Edythe Turnham and Her Knights of Syncopation, 1925, Black Heritage Society of Washington State

Calling all bootleggers, moonshiners, flappers, pulpit thumping anti-boozers, and more: Today the Museum of History and Industry in South Lake Union premieres American Spirits: The Rise and Fall of Prohibition through August 23. For the first time on the west coast, this Prohibition era–focused exhibit explores the growth of the Temperance movement, highlights anti-liquor advocates, follows the rise in organized crime and the birth of the speakeasy all the while incorporating trivia, interactive games, and plenty of photo ops.

Eighty-eight bottles of beer on the wall…literally. That is the exhibit's introductory display, illustrating the average consumption of 80-proof liquor per person per year in 1830. From here, meander through artifacts like temperance activist (and badass) Carrie Nation’s righteous hatchet used to split open saloon windows and barrels of fermented sin—er, beer—in Kansas. There are also both original ratification copies of the 18th and 21st Amendments, the two documents that flank this moral rollercoaster in American history between just 1920 and 1933.

There’s a bit of something for everyone here: rich in original artifacts there are letters, temperance propaganda, and a moonshine distiller (OMG cue booze history nerd swoon); a videogame in which the feds (you) drive a boat to catch bootleggers bringing rum from Canada; a mob lineup–style photo booth where you can mug next to Al Capone. A mock speakeasy offers a lesson in flapper and dandy slang, a dance floor where visitors can Charleston to the jazz stylings of Edythe Turnham and Her Knights of Syncopation (pictured above). Plus, a lineup of cocktails (recipes only, sorry) born during the nation’s driest period.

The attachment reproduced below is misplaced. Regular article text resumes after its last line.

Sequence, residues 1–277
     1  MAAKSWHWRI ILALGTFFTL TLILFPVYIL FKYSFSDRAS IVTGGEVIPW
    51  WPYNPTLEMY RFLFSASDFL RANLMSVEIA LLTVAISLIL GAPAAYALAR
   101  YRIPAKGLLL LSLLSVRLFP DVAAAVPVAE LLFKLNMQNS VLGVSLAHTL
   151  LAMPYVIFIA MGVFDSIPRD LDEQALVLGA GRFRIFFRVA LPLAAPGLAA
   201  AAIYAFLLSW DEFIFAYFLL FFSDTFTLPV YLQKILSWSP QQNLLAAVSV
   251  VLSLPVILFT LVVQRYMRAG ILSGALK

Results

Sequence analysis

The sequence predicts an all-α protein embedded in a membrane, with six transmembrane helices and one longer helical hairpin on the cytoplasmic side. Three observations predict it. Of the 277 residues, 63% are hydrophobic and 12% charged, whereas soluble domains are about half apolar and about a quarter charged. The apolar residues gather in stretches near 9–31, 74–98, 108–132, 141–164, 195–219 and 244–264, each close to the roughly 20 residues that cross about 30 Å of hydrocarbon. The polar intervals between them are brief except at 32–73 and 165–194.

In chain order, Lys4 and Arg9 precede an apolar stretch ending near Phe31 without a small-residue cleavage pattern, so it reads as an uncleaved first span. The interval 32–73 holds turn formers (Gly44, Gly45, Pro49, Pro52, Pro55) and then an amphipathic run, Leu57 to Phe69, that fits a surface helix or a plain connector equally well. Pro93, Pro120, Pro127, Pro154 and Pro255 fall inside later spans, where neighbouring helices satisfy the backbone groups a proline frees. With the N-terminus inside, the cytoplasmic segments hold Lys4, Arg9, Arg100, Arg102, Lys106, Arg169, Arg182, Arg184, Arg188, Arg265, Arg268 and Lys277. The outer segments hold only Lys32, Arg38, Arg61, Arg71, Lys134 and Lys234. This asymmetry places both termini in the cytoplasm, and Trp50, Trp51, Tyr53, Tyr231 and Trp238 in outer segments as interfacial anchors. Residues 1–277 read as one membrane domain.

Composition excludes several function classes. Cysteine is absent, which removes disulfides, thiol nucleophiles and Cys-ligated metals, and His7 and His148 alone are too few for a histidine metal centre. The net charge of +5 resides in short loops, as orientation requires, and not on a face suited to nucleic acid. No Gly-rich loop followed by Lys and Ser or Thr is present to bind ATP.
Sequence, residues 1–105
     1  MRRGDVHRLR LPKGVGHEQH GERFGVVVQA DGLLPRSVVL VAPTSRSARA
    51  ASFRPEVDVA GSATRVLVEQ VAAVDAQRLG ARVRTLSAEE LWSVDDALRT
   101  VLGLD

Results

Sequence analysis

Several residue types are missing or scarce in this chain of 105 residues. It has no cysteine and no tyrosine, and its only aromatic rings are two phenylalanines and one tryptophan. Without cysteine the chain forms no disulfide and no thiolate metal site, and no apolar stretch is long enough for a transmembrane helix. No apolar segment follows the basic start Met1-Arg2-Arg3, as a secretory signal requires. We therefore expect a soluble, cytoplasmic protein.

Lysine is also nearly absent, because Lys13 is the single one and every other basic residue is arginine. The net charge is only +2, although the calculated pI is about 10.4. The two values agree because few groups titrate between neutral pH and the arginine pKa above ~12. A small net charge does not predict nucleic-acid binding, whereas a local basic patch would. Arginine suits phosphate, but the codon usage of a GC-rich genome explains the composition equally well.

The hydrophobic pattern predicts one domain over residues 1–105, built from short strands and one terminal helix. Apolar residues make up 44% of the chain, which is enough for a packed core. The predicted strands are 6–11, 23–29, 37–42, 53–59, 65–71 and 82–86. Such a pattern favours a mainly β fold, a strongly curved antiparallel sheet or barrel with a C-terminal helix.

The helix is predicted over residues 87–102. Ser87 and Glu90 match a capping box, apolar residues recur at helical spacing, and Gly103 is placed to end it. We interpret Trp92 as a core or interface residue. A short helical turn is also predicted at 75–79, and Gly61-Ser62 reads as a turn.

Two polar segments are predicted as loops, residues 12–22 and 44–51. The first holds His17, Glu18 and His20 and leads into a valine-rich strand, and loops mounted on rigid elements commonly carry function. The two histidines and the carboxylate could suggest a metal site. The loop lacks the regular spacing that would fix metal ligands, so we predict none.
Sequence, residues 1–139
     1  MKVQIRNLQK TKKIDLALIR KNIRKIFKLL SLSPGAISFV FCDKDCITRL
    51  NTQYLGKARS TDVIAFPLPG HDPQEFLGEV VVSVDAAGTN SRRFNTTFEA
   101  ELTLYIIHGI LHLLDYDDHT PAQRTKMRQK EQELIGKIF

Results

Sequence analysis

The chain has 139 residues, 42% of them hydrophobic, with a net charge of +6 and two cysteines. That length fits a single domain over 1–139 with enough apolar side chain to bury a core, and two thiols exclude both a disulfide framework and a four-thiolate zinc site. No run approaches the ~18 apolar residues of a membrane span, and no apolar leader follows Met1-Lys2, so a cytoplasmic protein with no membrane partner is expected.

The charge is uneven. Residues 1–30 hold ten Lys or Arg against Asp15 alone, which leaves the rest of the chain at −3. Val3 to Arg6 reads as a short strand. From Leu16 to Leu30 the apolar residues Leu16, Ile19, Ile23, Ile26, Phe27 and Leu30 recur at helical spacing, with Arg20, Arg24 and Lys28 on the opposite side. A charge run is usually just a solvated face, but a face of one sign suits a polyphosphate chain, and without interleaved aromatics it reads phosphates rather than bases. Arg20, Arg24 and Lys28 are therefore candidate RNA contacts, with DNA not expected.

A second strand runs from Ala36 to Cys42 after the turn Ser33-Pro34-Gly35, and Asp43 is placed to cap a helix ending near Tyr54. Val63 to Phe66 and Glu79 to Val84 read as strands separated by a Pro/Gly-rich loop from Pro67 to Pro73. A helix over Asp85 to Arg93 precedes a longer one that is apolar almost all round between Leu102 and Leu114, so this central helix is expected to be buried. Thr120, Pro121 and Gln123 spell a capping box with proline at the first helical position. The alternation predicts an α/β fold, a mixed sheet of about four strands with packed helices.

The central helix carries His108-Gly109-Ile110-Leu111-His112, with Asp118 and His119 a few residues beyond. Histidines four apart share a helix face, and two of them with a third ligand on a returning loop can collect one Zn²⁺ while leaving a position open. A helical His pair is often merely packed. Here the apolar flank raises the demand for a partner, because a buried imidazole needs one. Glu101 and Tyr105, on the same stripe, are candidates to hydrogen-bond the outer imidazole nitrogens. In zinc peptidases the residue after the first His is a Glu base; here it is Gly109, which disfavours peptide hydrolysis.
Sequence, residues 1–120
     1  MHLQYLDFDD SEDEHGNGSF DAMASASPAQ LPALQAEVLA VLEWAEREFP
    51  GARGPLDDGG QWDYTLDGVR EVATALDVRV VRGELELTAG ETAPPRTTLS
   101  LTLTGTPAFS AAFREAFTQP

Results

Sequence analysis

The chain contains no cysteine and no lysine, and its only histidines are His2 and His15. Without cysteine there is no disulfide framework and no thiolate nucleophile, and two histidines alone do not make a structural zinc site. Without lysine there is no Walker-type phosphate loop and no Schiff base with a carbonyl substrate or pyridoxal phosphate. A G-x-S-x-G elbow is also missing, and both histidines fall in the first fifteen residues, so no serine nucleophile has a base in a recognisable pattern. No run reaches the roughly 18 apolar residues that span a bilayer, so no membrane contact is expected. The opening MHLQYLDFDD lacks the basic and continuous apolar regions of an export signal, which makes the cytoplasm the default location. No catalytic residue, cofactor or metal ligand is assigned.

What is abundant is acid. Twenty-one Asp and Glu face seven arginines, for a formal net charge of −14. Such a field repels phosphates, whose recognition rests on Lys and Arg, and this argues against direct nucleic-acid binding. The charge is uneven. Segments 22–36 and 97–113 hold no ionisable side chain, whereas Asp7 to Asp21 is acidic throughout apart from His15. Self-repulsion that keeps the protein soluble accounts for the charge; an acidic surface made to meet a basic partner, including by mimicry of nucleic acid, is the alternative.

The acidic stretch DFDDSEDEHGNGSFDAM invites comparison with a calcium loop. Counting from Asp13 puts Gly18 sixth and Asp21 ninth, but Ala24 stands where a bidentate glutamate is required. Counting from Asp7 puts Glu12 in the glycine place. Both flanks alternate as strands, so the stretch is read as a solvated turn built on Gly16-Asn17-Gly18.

Come June 6, MOHAI is introducing 21st Century Speakeasy, an exhibit that will spotlight the Puget Sound area's specific role in national Prohibition. Seattle forbade liquor five years earlier than the nationwide law, which gave local police-lieutenant-turned-bootlegger extraordinaire Roy Olmstead a head start in the organized crime biz. This story and more will also be on display through August 23 in addition to MOHAI's roster of events inspired by the Prohibition.

Museum of History and Industry, April 2 thru August 23, 860 Terry Ave N, $17

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